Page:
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Dancer in the Dark (2000)

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An east European girl goes to America with her young son, expecting it to be like a Hollywood film.

Director:

Lars von Trier (as Lars Von Trier)

Writer:

Lars von Trier (as Lars Von Trier)
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Popularity
3,461 ( 224)
Nominated for 1 Oscar. Another 33 wins & 46 nominations. See more awards »

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Cast

Cast overview, first billed only:
Björk ... Selma Jezkova
Catherine Deneuve ... Kathy
David Morse ... Bill Houston
Peter Stormare ... Jeff
Joel Grey ... Oldrich Novy
Cara Seymour ... Linda Houston
Vladica Kostic Vladica Kostic ... Gene Jezkova
Jean-Marc Barr ... Norman
Vincent Paterson ... Samuel
Siobhan Fallon Hogan ... Brenda (as Siobhan Fallon)
Zeljko Ivanek ... District Attorney
Udo Kier ... Dr. Porkorny
Jens Albinus ... Morty
Reathel Bean Reathel Bean ... Judge
Mette Berggreen Mette Berggreen ... Receptionist
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Storyline

1964 in small town Washington state. Selma Jezková, a Czechoslovakian immigrant, and her preteen son Gene live in a rented trailer owned by and on the property of married Bill and Linda Houston, he the town sheriff. Beyond Bill and Linda, Selma has a small group of friends who look out for her, including her primary confidante, Kathy, with who she works, and Jeff who wants to be her boyfriend. Jeff regularly waits outside Selma's workplace long before the end of her shift to drive her home, despite she always refusing in not wanting to lead him on. Her primary job is working on the Anderson Tool factory assembly line, but she does whatever she can to earn money. What only Kathy knows among Selma's friends is that she is slowly going blind, her medical condition being genetic. Selma is barely able to see, just enough to do her job. Her primary reason for moving to the US and for working all the time is to earn enough money for an operation for Gene when he turns thirteen, he who ... Written by Huggo

Plot Summary | Plot Synopsis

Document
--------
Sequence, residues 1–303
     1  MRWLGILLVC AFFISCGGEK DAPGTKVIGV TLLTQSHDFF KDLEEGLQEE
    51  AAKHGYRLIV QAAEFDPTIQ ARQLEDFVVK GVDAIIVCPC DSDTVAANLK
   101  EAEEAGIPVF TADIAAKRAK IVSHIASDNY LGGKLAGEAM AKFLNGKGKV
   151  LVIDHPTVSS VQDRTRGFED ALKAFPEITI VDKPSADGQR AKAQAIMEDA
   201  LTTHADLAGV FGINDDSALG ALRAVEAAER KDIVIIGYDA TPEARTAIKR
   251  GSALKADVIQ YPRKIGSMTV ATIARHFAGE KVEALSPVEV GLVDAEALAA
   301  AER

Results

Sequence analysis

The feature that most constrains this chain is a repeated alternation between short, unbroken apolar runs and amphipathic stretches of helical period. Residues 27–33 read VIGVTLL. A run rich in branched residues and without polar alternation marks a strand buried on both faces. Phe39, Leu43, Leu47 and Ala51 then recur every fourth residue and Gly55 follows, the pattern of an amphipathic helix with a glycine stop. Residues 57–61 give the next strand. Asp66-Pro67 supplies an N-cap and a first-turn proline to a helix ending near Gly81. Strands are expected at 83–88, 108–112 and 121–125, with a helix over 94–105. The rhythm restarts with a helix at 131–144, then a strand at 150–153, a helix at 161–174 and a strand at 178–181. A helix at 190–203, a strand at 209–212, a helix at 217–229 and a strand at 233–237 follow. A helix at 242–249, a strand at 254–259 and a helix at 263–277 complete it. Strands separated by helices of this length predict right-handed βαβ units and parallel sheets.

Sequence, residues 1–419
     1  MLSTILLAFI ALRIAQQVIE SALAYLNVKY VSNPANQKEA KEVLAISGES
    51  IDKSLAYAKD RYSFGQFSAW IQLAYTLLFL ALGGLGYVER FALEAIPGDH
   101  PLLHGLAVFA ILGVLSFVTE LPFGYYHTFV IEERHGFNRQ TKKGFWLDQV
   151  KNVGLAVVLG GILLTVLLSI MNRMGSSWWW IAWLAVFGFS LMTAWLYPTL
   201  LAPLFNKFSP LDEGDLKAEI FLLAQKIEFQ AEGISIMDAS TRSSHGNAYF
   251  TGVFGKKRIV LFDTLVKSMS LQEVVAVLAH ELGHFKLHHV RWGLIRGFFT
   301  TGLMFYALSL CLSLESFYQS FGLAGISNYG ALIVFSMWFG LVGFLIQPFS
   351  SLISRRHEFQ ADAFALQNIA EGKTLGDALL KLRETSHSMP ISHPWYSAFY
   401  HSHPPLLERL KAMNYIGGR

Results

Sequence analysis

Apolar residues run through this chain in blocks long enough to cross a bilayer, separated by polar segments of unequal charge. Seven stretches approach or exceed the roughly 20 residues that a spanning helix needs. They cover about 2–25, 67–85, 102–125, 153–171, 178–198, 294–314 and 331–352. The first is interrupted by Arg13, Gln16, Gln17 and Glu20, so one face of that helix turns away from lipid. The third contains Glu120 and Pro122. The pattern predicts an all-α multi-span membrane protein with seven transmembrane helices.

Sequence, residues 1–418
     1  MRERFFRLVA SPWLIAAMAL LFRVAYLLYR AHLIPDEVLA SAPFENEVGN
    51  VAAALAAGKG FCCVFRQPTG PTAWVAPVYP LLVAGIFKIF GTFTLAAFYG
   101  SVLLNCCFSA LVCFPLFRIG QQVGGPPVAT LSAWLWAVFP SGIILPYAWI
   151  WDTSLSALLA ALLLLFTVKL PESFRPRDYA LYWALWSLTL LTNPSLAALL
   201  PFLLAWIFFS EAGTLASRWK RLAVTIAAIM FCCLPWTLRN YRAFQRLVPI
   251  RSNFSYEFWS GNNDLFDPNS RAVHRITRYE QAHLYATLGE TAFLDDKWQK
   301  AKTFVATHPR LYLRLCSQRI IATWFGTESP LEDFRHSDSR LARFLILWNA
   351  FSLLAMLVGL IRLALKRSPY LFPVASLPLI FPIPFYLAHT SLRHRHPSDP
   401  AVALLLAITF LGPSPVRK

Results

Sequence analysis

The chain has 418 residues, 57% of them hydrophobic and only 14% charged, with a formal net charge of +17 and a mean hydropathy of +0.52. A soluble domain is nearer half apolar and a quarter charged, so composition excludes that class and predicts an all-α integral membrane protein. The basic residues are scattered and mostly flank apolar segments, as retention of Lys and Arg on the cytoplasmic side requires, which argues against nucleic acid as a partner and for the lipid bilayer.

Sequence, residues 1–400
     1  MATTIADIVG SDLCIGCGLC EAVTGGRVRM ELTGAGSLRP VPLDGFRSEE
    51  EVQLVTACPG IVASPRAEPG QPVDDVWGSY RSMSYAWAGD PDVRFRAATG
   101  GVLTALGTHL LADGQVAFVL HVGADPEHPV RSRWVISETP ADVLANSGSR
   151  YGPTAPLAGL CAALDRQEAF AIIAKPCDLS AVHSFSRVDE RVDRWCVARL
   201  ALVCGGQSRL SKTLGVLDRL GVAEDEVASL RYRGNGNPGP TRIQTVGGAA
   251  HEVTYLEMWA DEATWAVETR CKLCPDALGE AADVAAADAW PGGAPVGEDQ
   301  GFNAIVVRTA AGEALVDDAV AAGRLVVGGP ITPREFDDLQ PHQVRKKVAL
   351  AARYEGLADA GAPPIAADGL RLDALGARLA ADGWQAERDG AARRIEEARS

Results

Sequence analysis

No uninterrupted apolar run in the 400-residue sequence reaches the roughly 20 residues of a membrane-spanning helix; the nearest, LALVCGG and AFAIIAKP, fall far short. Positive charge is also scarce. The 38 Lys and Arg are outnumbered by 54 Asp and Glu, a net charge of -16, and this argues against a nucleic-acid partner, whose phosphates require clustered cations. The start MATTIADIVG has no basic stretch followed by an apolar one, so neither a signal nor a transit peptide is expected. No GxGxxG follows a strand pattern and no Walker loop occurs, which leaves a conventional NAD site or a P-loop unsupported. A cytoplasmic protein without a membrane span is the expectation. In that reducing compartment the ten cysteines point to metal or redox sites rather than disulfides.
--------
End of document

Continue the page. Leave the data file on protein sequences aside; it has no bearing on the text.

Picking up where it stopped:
Taglines:

In a world of shadows, she found the light of life. See more »

Genres:

Crime | Drama | Musical

Motion Picture Rating (MPAA)

Rated R for some violence | See all certifications »

Parents Guide:

View content advisory »
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Details

Language:

English | German | Czech

Release Date:

6 October 2000 (USA) See more »

Also Known As:

Bailando en la oscuridad See more »

Filming Locations:

Arlington, Washington, USA See more »

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Box Office

Budget:

$12,800,000 (estimated)

Opening Weekend:

$103,102 (Denmark), 10 September 2000, Limited Release

Opening Weekend USA:

$91,612, 24 September 2000, Limited Release

Gross USA:

$4,184,036, 22 December 2000

Cumulative Worldwide Gross:

$40,031,879, 18 July 2001
See more on IMDbPro »

Company Credits

Show more on IMDbPro »

Technical Specs

Runtime:

Sound Mix:

Dolby Digital | DTS

Color:

Color

Aspect Ratio:

2.35 : 1
See full technical specs »
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Did You Know?

Trivia

It took Lars von Trier a whole year to convince Björk to play the lead role. See more »

Goofs

Despite the movie taking place in the mid-to-late 1960s, a clearly very modern train (from at least the late 70s) can be seen moving past Selma's house early on in the film. See more »

Quotes

Selma: You like the movies, don't you?
Bill Houston: I love the movies. I just love the musicals.
Selma: But isn't it annoying when they do the last song in the films?
Bill Houston: Why?